My Father and My ReligionPosted: April 23, 2014
I was on a conference call one evening last week when my call waiting beeped at me. It took me a few seconds to recognize the number since I only see that area code a couple times a year. It was my dad. I let it go to voicemail.
I waited until the next day to check the message. His voice came amicably through the receiver and he chided me jokingly about turning 40 a few weeks earlier. My dad doesn’t celebrate birthdays, so I thought it was odd that he was calling me about it until I realized the real reason for his call: an annual religious celebration that is part of his church is coming up soon. He wanted to remind me about that.
I left my dad’s church for good in my early twenties, after a long struggle between the teachings I grew up with and my own personal beliefs that had gradually evolved from age, experience and study. My father’s church instructs that members should not associate with people who leave the faith, and that includes family. When I left, I did so with the knowledge that my dad would no longer be an active part of my life.
Having been through the process of losing the religion of my youth and choosing a new path (Islam), I firmly believe that there is no more fundamental or sacred right that each human being has than to explore their spirituality on their own terms. And yet, as I have experienced, it is often the people closest to us that want to control that sacred right and who feel justified in punishing us if our seeking leads us in a direction different from their own.
Sadly, this kind of ‘compulsion’ isn’t confined to any one religion. I’ve seen this same kind of manipulation and coercion happen in families claiming all kinds of religious traditions, including Islam.
I’ve spent a lot of time over the past few years being angry at religion because it has destroyed the relationship I had with my father. In fact, even though I’ve embraced Islam, I continue to struggle against resentment toward religion for all the ‘stupid things it makes people do to one another’.
But it occurred to me recently that perhaps my anger was misplaced.
If I’m honest with myself, I have to admit that I know a lot of religious people who have stood by their children even when they’ve ‘left the fold’ and chosen another religion to follow…yes, even within my dad’s church. I’ve seen religious people who have stood by their children when they have chosen atheism. I am a religious person, and I would never dream about rejecting my children or cutting them off because they have chosen a different religion, or even non-belief.
Maybe, just maybe, the reason I have been so angry at religion for so long is because the alternative is admitting that the real object of my anger and resentment should be my father. It’s much easier to hate a large, faceless entity like religion than to admit that the person who helped bring me into the world and raised me; the man who read stories to me before bedtime and taught me how to ride a bike has chosen to reject a relationship with his own daughter.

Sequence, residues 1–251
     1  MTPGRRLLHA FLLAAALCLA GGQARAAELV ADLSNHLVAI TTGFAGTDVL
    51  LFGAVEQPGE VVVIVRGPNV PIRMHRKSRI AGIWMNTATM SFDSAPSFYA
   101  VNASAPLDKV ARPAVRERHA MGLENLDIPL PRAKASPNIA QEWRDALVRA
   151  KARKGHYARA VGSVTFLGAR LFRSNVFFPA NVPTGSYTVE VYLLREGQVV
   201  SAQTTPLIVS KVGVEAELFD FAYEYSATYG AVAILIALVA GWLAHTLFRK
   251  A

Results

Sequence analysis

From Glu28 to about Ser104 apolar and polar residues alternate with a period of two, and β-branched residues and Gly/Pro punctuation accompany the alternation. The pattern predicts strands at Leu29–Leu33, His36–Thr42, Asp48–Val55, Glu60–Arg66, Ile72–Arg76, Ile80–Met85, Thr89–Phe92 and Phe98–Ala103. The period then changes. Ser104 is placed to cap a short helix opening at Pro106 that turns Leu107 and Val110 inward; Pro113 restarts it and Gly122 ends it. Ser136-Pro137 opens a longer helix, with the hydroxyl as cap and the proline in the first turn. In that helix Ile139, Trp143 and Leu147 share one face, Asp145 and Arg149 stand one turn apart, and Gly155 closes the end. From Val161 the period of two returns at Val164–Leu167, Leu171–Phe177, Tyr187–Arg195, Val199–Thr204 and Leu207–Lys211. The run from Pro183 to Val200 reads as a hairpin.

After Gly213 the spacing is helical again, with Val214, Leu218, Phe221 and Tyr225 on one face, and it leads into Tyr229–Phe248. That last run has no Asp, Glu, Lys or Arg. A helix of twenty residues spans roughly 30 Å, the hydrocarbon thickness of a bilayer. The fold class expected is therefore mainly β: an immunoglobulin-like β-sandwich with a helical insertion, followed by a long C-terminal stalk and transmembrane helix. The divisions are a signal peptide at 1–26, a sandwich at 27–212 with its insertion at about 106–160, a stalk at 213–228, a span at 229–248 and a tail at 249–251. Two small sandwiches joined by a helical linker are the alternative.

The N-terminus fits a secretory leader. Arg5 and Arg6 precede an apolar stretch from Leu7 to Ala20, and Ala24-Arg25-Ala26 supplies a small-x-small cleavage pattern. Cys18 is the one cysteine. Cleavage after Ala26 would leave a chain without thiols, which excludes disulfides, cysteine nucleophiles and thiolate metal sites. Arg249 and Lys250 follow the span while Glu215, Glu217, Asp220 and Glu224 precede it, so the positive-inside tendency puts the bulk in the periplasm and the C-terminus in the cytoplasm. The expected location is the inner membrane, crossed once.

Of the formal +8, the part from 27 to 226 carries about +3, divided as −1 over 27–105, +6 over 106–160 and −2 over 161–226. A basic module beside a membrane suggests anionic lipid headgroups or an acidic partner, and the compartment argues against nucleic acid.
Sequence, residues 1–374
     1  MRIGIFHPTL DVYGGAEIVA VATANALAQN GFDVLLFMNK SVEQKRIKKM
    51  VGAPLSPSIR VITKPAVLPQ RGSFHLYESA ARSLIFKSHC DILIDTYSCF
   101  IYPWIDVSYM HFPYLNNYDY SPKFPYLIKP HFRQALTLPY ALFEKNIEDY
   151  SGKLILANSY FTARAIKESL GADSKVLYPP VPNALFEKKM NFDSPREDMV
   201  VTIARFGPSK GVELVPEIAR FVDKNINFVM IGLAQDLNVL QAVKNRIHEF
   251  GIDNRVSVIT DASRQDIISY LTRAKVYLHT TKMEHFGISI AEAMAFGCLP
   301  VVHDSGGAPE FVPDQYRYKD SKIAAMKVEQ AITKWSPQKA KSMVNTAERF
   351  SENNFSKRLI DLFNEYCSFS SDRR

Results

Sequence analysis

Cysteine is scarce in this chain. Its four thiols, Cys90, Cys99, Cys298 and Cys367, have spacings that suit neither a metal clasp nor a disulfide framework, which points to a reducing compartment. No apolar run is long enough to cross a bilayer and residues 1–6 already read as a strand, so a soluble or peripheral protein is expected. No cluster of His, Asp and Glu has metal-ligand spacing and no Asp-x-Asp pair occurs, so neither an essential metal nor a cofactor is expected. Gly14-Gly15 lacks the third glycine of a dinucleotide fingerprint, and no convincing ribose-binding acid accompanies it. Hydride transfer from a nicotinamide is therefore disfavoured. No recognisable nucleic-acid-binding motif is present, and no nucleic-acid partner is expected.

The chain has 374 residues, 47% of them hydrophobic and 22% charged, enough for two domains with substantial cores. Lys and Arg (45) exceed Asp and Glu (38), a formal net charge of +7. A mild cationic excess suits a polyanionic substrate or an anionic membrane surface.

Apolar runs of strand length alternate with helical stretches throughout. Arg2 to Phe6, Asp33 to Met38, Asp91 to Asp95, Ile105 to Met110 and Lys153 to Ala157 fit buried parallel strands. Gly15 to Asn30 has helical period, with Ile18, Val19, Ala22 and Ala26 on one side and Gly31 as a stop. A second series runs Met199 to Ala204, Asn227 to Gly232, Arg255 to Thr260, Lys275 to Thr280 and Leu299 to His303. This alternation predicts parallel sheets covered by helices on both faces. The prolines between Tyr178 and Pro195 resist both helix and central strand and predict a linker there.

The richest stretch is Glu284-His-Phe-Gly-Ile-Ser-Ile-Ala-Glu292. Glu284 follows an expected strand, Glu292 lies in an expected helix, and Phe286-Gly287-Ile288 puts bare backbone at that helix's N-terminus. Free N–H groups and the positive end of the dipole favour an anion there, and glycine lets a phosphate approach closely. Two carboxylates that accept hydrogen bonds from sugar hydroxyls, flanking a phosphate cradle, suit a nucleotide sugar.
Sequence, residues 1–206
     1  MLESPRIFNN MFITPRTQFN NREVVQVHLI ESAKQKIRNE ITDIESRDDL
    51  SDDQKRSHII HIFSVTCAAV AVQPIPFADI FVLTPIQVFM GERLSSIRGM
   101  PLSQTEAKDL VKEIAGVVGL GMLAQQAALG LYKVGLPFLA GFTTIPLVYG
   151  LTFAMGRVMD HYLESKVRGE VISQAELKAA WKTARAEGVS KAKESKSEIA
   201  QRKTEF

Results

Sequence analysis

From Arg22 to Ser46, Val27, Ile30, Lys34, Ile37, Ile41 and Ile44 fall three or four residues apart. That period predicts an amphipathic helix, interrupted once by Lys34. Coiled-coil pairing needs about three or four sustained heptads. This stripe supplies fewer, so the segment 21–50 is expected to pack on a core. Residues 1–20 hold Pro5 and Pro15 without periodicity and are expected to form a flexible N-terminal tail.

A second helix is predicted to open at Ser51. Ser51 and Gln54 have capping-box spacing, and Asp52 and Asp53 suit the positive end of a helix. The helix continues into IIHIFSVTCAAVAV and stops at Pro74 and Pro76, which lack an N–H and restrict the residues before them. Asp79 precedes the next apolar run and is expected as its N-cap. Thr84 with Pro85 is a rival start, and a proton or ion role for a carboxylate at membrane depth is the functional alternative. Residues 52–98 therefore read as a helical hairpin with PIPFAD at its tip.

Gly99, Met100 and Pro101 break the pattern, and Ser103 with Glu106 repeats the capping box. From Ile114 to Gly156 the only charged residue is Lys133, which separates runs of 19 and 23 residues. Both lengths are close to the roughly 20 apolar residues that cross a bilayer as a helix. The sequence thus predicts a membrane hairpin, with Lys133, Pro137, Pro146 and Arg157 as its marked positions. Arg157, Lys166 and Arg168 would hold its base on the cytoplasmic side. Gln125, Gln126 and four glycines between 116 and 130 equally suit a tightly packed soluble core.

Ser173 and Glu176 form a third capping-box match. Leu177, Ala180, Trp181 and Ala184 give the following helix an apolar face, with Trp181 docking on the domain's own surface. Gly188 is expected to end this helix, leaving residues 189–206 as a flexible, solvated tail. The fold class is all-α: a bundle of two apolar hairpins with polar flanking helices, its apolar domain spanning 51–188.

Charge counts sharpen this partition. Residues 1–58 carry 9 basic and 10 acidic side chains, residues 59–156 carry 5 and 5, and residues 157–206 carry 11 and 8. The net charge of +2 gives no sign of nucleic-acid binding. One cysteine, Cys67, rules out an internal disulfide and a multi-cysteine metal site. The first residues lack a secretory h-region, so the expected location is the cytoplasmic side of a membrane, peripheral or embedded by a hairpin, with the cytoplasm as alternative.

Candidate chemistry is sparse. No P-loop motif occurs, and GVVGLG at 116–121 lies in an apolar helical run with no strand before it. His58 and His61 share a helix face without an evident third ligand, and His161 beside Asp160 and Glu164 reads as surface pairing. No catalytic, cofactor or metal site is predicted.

Our families are our first introduction to the idea of God and the concept of religion. As children, we can’t help but associate the earliest brand of authority we know (our parents) with the esoteric and idea of the ‘ultimate authority’ of the Divine. I guess it’s an easy enough mistake to get mad at God and religion for the things our families do.
Religion has been used to justify both good and bad actions. It has been used to oppress and liberate. It can be used for comfort or as a weapon. The choice belongs to each believer. I must come to terms with the fact that my father has chosen to interpret his Christian faith as exclusionary and judgmental.
My father hasn’t seen me in years. He calls a couple times a year for an obligatory ‘check in’. He has only seen my husband and my children a few times, and has only spoken to them on the phone once or twice. He has chosen to forfeit a relationship with my family and me. These are his choices, and he’s justified them with his religion.
But I have choices, too.
I love more freely in the name of religion after having been subject to conditional love from my father. I’ve embraced my limited human vision and chosen to leave judgment to an Almighty One that Knows All. I’m relieved of punishing people for not worshipping ‘the right way’. I’m free to love everyone; regardless of certain ‘rules’ that some of my co-religionists wish to impose on others in the name of God. I have chosen to worship God…not religion; and that means that when religion conflicts with what I know of God, I’m free to disregard it. I can say to my children, my husband, and the rest of my family, “I’ll love you, and care for you, and be here for you… no matter what you do,” and I can mean it.
This is my choice, Alhamdolillah. This is my religion.
Amanda Quraishi is a blogger, interfaith activist and technology professional living in Austin, Texas. You can follow her adventures on her personal blog muslimahMERICAN.com, or on Twitter at @ImTheQ.